Academic Writing in a Multi-lingual and Multi-disciplinary Context

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Academic Writing in a Multi-lingual and Multi-disciplinary Context

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Title Academic Writing in a Multi-lingual and Multi-disciplinary Context
Author(s) Finnegan, Damian ; Kauppinen, Asko ; Wärnsby, Anna
Date 2011
English abstract
Damian Finnegan (damian.finnegan@mah.se) Asko Kauppinen (asko.kauppinen@mah.se) Anna Wärnsby (anna.warnsby@mah.se) Academic Writing in a Multi-lingual and Multidisciplinary Context One crucial challenge of academic writing concerns the increasing heterogenisation of student populations. In many writing classes, we now find “any combination of native-born, international, refugee, permanent resident, and naturalized students,” exhibiting considerable linguistic diversity and multiple levels of English proficiency (Preto-Bay and Hansen, 2006; see also Hall, 2009). At the same time, interest towards academic writing in European higher education is growing, yet resources for teaching do not reflect this. Moreover, the wider student base demands practical application from their writing courses, not theoretical knowledge of language skills (see, for example, Anderson 1983, 2009 on procedural vs. declarative knowledge). To show how these problems can be addressed, we discuss the course Academic Writing in English offered at Malmö University, Sweden, which currently enrolls approximately 300 students per year. The course design is explicitly based on the general model of information processing, which assumes that “complex behavior builds on simple processes” (McLaughlin and Heredia, 1996, p. 213). The focus of all learning activities is on acquisition of procedural knowledge geared towards comprehension and production. One distinctive feature of this course is the very tight integration of electronic resources and other teaching material. This provides student populations various types of continuous feedback and highly individualised learning paths. In this paper, we present and evaluate empirical data pertaining to students’ experience of the content, structure and resources in this course. We also discuss the preliminary results obtained through tests administered before, during and after the course. References Anderson, J. R. 2009. Cognitive Psychology and Its Implications. 7th edition. New York: Worth Publishers. Anderson, J. R. 1983. The Architecture of Cognition. Cambridge: Harvard University Press. Hall, Jonathan. 2009. “WAC/WID in the Next America: Redefining Professional Identity in the Age of the Multilingual Majority.” The WAC Journal. Vol. 20, November. 33-49. McLaughlin, B. and Hereda, J. L. C. 1996. “Information-processing Approaches to Research on Second Language Acquisition and Use.” In Ritchie, W. C. and Bhatia, T. K. (eds.), Handbook of Second Language Acquisition. San Diego: Academic Press, 213-228. Preto-Bay, Ana Maria and Kristine Hansen. 2006. “Preparing for the Tipping Point: Designing Writing Programs to Meet the Needs of the Changing Population.” WPA: Writing Program Administration, Vol. 30, Nos. 1-2, Fall. 37-57.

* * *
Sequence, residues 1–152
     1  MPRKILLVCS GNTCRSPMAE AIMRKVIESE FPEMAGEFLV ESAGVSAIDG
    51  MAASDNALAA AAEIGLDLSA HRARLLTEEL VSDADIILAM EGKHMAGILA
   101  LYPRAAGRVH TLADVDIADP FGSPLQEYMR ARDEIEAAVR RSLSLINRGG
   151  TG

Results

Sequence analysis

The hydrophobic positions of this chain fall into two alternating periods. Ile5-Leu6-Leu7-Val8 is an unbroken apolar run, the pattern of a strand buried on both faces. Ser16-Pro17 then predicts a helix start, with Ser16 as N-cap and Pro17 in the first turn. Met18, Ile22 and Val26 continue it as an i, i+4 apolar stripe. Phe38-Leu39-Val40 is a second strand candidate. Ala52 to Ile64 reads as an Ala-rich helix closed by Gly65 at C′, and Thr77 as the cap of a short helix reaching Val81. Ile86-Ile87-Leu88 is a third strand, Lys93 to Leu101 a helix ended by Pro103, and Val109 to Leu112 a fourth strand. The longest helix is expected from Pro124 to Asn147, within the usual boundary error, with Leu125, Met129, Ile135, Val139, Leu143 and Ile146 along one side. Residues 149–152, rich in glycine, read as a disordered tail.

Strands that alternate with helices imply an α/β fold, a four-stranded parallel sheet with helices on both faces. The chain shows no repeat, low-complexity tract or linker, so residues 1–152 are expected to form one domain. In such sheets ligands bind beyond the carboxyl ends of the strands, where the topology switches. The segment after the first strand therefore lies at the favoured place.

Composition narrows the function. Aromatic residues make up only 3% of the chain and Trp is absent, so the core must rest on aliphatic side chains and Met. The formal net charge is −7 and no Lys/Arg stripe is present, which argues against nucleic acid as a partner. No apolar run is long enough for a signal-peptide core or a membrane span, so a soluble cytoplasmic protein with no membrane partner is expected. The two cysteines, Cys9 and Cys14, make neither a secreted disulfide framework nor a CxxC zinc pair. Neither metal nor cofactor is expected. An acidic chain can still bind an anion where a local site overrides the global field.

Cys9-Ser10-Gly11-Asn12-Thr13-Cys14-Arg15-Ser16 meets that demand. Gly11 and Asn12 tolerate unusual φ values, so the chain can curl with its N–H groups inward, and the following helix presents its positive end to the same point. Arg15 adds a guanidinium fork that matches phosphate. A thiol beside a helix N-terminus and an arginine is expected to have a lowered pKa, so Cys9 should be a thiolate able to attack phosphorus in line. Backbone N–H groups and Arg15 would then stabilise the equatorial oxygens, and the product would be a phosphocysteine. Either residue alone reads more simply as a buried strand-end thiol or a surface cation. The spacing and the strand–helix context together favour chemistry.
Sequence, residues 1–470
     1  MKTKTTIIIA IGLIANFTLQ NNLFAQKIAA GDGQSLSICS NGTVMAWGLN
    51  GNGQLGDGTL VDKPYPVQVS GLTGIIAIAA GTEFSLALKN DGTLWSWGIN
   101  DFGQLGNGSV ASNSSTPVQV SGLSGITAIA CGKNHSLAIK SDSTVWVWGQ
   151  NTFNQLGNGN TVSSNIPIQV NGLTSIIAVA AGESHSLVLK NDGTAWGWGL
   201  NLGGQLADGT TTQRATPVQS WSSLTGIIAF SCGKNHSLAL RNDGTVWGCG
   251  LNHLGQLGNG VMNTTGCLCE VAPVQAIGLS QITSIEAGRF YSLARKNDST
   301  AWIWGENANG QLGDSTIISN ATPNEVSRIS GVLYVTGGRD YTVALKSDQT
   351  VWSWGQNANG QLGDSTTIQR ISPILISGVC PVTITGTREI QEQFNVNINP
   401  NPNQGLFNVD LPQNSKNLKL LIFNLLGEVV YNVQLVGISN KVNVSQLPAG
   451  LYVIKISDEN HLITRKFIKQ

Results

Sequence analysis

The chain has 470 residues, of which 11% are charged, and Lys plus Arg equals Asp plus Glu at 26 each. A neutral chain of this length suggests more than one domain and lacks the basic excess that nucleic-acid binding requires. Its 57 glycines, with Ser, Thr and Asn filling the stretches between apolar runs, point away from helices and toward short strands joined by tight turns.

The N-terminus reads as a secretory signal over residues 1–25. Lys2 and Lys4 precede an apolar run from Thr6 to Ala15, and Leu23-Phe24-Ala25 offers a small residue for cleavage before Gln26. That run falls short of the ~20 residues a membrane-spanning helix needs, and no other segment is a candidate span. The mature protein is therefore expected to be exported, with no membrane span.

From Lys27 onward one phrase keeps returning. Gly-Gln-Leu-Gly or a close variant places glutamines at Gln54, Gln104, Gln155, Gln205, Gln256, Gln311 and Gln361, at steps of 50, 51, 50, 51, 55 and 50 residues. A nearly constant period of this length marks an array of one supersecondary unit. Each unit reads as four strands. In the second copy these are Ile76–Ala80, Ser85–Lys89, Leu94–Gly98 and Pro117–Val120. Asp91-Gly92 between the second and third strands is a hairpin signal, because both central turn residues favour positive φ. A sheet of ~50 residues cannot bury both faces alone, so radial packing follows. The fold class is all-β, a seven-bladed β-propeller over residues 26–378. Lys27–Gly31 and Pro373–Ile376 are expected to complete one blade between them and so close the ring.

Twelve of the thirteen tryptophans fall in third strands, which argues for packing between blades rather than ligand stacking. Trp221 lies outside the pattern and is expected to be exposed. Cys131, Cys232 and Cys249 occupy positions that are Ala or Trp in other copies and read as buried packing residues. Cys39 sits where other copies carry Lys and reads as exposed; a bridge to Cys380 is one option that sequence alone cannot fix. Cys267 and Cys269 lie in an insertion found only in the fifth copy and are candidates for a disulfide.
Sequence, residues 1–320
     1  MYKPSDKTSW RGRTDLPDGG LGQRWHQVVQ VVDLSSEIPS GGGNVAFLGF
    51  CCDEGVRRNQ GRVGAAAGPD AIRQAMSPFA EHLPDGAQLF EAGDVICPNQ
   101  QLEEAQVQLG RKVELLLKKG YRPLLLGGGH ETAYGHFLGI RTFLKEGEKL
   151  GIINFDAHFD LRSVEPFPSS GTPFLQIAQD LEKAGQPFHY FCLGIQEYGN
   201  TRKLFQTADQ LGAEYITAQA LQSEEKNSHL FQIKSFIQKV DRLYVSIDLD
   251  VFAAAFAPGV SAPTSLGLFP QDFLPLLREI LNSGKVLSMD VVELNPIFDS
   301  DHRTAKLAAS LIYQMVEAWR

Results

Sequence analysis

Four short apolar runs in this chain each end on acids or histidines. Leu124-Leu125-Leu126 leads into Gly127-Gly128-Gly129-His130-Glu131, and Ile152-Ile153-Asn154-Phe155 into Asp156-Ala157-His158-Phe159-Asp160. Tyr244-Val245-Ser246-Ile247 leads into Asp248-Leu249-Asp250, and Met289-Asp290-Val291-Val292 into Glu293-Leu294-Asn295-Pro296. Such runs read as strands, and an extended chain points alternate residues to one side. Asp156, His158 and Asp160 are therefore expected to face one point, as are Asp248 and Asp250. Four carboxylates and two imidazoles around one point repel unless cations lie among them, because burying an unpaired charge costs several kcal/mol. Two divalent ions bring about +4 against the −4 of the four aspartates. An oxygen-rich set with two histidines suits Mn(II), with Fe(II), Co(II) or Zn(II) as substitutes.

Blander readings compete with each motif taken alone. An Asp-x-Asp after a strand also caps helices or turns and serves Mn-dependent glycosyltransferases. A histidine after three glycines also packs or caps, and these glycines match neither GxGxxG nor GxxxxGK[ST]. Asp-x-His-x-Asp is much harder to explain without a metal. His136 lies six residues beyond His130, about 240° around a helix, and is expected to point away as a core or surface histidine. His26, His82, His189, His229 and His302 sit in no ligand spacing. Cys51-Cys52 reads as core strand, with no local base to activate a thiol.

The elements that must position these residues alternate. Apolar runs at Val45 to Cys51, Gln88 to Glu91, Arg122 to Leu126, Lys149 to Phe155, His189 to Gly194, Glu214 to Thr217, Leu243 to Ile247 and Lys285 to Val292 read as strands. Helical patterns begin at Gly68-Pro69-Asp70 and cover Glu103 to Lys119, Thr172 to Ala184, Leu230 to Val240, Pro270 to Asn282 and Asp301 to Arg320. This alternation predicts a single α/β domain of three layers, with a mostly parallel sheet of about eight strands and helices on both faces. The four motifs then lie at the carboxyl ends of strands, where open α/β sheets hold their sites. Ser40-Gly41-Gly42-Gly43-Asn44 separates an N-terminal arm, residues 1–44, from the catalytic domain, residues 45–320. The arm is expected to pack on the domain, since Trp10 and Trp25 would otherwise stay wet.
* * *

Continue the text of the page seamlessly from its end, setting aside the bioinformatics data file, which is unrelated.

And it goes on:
Language eng (iso)
Subject(s) writing as a process
EFL
course design
blended learning
multi-disciplinary
acquisition of writing skills
Humanities/Social Sciences
Research Subject Categories::INTERDISCIPLINARY RESEARCH AREAS
Note The Role of the Student Experience in Shaping Academic Writing Development in Higher Education, European Association of Teachers of Academic Writing (EATAW), 29th June – 1st July 2011 University of Limerick, Limerick, Ireland
Handle http://hdl.handle.net/2043/14885 (link to this page)
Link http://www3.ul.ie/rwc/eataw2011/ (external link to related web page)

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